Saturday, July 30, 2011

A perfect storm of awesome

So, I've been getting back to the gym. I've also started Weight Watchers recently and they have a good app for counting points (so not getting into the whole points system, all I know is that my favorite burger at Hardee's is like 30 something points and so I have the BBQ Ranch Turkey burger which is 12). Now, this being said, I'm trying hard not to talk too much about Weight Watchers because it even annoys me sometimes.

But now about the perfect storm of awesome. There's an app for that. Literally. Back when I had an Android LG Ally, I downloaded the sweetness of workout apps from JEFIT. I mean, it rocked. Then I left my cell on top of the car and picked up the pieces later that day along HWY 44. I joined the crowd of Apple Zombies and got an iPhone as a replacement. But no JEFIT app.

One thing I could do though was watch podcasts from LIfechurch.TV while doing cardio on the bike at the gym. Then I added the Weight Watchers app. And then (cue the "Hallelujah" chorus) JEFIT released their app on the iPhone. This week has been a heaven of pain and joy. Why? This week alone, I've lost 5 pounds by following the Weight Watchers app, been getting my lifting/workout routine going with the JEFIT app and getting spiritually fed (which is hard as a pastor sometimes, I don't always get to hear others preach) while doing cardio.

That being said, wow, perfect storm of awesome this week for that. I'm working spiritual health and there's an app for that. No, seriously. The Today daily devotional is on the iPhone and also Android. Great way to do a short devotional in the morning. And then there's the Youversion Bible app. I've been listening to their audio Bible while doing long drives for hospital visits out this way (pretty much any drive is a long one in South Dakota).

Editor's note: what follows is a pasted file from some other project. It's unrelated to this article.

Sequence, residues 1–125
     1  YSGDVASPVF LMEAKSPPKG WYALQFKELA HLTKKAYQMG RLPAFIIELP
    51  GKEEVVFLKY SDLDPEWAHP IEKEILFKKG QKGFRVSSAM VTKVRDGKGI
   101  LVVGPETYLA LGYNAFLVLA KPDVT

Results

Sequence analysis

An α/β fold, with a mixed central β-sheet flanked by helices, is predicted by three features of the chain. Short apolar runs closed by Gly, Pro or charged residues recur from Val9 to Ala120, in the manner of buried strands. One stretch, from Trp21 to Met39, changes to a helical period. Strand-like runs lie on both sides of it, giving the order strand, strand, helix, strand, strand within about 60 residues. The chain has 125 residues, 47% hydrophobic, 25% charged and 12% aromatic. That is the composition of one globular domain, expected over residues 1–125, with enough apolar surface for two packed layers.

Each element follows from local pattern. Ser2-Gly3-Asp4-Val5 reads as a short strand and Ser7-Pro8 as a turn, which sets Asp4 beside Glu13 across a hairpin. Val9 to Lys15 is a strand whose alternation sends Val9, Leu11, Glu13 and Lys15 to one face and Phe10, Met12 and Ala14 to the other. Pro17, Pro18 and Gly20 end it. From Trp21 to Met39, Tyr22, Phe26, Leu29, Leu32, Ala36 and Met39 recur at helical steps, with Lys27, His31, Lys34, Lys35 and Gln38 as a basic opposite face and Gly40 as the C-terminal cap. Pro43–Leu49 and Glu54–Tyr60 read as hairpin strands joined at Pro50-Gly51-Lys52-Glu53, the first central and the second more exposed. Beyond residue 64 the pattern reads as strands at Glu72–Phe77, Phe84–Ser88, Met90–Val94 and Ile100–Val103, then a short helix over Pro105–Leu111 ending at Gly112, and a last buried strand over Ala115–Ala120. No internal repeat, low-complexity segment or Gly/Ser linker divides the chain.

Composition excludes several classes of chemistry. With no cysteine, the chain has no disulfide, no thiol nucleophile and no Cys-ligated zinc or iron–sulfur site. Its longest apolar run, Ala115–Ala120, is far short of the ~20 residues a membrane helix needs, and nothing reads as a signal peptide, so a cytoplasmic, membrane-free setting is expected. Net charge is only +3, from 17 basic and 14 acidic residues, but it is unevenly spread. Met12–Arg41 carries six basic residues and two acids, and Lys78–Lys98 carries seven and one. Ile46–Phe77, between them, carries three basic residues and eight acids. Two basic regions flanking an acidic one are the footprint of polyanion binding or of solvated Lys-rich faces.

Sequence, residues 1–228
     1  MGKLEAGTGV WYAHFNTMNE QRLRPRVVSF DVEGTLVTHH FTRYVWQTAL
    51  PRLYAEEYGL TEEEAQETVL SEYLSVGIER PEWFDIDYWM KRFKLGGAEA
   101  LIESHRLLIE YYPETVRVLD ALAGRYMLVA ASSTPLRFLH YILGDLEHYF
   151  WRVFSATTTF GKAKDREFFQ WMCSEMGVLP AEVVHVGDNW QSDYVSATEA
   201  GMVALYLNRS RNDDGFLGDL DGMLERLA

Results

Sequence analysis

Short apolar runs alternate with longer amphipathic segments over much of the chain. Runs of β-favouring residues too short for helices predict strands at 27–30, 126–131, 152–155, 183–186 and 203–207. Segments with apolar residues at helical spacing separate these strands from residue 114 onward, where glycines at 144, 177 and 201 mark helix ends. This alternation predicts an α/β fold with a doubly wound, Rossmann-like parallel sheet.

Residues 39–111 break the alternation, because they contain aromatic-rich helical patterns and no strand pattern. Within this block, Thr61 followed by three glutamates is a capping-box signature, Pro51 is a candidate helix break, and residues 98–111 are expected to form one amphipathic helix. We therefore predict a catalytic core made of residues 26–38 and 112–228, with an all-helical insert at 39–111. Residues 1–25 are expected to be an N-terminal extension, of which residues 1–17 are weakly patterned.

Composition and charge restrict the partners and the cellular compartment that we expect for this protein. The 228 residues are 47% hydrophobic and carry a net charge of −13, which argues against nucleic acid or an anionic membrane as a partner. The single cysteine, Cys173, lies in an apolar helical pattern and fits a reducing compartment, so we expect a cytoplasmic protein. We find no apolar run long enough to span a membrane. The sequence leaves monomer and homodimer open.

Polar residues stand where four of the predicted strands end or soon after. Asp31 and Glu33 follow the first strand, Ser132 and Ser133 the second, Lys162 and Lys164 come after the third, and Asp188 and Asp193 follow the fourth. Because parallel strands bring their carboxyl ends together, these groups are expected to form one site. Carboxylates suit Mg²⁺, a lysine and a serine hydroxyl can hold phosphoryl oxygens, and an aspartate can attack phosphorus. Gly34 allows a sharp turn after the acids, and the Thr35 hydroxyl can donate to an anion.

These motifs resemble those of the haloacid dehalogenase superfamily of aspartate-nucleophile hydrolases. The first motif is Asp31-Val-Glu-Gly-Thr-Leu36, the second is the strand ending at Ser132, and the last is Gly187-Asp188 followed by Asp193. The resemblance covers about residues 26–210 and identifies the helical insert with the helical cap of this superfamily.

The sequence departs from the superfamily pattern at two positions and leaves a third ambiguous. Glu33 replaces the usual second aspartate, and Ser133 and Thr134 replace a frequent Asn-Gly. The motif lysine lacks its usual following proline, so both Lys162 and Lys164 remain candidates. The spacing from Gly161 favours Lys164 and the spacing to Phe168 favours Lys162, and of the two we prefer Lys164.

What other apps are out there to help in your journey?

Thursday, July 28, 2011


So, if you're a regular USA Today reader, you might already know this, but for the uninitiated, I'll fill you in.

The day after Memorial Day, DC Comics, the oldest comics-publisher in existence and home of icons like Superman, Batman, Wonder Woman, and Green Lantern, announced that their entire publishing lineup (about 60-some titles) will be discontinued in September and replaced with 52 brand new series.

Now, a couple of questions need answering.

1. Why such an oddly specific number like 52?

Well, see, a few years ago, it was established that, within the universe of DC Comics, there were exactly 52 universes, consisting of the main DC Universe and 51 alternatives.

2. Hasn't DC done this already?

OK, that's probably something not a lot of you were asking. But a few of you were, and that's what counts! And yes, DC has done this thing before: twice in fact.

The first time was in 1985. See, by then, DC Comics has been publishing its roster of heroes and other titles for 50 years. As to be expected when publishing stories on a continuous basis every month for that long, there were a lot of mix-ups, contradictions, and bizarre errors.